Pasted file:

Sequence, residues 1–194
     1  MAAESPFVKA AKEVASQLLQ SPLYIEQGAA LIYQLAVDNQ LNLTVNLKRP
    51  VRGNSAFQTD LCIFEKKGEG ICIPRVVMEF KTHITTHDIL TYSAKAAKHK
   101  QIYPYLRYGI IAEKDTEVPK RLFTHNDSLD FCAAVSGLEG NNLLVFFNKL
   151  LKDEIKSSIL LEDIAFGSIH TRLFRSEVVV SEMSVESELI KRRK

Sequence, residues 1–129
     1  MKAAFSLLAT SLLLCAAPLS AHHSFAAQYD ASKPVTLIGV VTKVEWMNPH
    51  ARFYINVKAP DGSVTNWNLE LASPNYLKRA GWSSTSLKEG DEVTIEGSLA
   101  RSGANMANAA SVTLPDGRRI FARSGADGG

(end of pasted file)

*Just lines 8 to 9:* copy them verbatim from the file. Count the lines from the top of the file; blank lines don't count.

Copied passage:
    51  ARFYINVKAP DGSVTNWNLE LASPNYLKRA GWSSTSLKEG DEVTIEGSLA
   101  RSGANMANAA SVTLPDGRRI FARSGADGG